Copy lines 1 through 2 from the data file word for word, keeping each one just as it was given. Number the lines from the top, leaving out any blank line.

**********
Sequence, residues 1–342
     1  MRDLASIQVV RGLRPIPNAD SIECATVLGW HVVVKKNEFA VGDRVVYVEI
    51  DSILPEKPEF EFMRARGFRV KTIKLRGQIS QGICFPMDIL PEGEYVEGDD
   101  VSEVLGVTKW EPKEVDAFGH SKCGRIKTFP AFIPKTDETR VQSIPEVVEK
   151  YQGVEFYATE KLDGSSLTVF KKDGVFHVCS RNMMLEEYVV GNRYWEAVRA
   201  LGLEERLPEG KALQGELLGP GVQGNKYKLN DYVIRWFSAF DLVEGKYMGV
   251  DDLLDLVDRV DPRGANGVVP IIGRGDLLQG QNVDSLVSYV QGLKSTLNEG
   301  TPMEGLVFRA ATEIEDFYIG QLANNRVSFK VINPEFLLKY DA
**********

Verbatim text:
Sequence, residues 1–342
     1  MRDLASIQVV RGLRPIPNAD SIECATVLGW HVVVKKNEFA VGDRVVYVEI